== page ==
Comment writer Luisa Connors argues for free libraries in all primary schools to encourage wider reading for children.

I'm a current student teacher working in primary schools. I completed a BA in English in 2023 and love all things to do with arts and linguistics! When I'm not teaching, I love reading, journaling and painting. I also love learning languages, I'm bilingual in English and Portuguese and I'm currently learning Welsh!
Images by Zaini Izzuddin

In 2023, the Department of Education published their scheme of ‘Reading for pleasure’, an ongoing initiative which aims to encourage active and enthusiastic reading habits for children in primary schools. Yet, as of 2022, one in nine schools in England don’t have a library. This number is even higher in Wales (25%), Scotland (25%) and soars in North Ireland (41%). Reading is a crucial skill, and as a student teacher currently working in primary schools, it is one I wholeheartedly believe needs to be encouraged in schools. With the number of children choosing to read in their spare time swiftly dropping to a 15 year low, is it not more crucial than ever to ensure schools have resources to nurture life-long readers?

The phrase ‘learning to read, and reading to learn’ has appeared frequently during my studies. It refers to the process of reading acquisition, first beginning with decoding (otherwise known as ‘sounding out’) words, and then moving onto comprehending full texts. 

Certainly, children are being taught how to read for a test, Key Stage 2 SAT results displayed a rise in literacy attainment, jumping from 73 to 74% between 2019 and 2022. However, reading is not only for the purpose of testing, I believe that children should be encouraged to read  for purposes beyond the curriculum. In order to do so, students need to be able to access a wide range of books.

According to recent research by the National Literacy Trust, fewer than half (47.8%) of children aged between 8 and 18 claim to enjoy reading. Even within this percentage, only 28% of children stated that they read daily. In response, the government has pushed the value of ‘Reading for Pleasure’, stressing its importance for educational and personal development. Children who read regularly reported increased intrinsic motivation for learning and improved well-being.

Only 28% of children stated that they enjoy reading

Some may argue that public libraries could be sufficient. Libraries have kids sections after all, so why can’t children go there? Yet, it is important to remember that books need to be as accessible as possible in order to attract a wide audience. For example, a child who is already disinterested in reading is unlikely to travel to their local library (which may not even be that local) to pick up a book. Moreover, traveling to a library takes time and often needs a willing parent or guardian, which can be difficult for working parents. Having a library situated in the very place that children spend most of their time daily is the best way to make reading accessible and appealing. As importantly, school libraries are led by experts in children’s literature, who are able to source and recommend a range of books and act as a role model to young readers, alongside other teaching staff.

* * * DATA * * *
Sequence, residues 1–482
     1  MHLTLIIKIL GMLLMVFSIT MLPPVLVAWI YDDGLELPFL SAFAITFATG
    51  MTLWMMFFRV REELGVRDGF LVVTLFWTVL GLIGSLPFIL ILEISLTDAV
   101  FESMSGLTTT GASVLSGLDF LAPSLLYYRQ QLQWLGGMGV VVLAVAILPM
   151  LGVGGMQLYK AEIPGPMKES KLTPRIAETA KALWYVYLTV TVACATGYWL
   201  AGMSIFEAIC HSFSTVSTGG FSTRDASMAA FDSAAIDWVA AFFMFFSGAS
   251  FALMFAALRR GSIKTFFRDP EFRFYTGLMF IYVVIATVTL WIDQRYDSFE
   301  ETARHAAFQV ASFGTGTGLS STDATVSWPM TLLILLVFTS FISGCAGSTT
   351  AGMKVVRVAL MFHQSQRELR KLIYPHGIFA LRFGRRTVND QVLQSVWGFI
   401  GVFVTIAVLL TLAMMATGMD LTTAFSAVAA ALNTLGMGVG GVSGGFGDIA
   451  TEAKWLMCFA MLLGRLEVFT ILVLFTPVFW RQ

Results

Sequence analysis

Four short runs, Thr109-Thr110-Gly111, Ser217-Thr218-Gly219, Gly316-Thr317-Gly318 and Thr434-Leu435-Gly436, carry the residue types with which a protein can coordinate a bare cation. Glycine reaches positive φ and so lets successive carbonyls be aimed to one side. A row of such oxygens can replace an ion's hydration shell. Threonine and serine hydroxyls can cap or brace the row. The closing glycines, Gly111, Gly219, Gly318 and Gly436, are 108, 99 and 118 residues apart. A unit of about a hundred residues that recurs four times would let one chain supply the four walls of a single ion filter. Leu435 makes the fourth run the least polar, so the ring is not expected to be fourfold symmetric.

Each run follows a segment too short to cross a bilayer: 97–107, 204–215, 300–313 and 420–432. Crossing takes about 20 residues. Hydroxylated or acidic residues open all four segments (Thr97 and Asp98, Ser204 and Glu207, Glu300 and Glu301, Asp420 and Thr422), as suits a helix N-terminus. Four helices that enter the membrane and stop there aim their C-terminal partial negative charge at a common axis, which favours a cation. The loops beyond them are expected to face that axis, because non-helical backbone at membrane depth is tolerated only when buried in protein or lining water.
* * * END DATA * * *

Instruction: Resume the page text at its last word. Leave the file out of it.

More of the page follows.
So then, what can the government and educational institutions do to promote pathways to reading? For starters, adequate funding is paramount. In 2023, the primary school library budget had decreased by 16% compared to the year prior. During a cost of living crisis, where 1 in 5 parents reported buying fewer books for their children therefore, it is now more than ever that children, especially those living in deprived areas, need to have access to reading. 

It is now more than ever that children…. need to have access to reading

Adequate funding should ensure that the school library is stocked with a diverse range of genres, authors and themes that students from a range of ages, cultural and ethnic backgrounds can relate to. It should enable schools to stock high-quality books which encourage engaging reading. This includes stocking books which reflect the interests, attainment and cultural diversity of students and promote representation in a positive manner. Moreover, these texts need to be embedded into the curriculum, as many students are advancing to GCSEs having never studied a book by a black author. There is a reduced number of children’s titles which feature characters from non-white backgrounds. It should be noted that this issue stems back to the number of children’s titles which feature characters from non-white backgrounds. Although figures have increased from 30% in 2022, from 4% in 2017, it is now necessary to push for further high-quality, diverse representation in children’s literature to allow children to relate to their stories.

Ultimately, children and young people need to be given opportunities to read a range of high-quality literature. In order to ensure the newer generations reap the benefits of reading, they first need to have access within their schools. Without adequate funding, particularly for low-income backgrounds, children miss out on the educational, psychological and social benefits that reading has to offer. It is therefore vital that all UK schools have a library.

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The Cost of Becoming a Student

Crumbling Schools: A Structural Weakness

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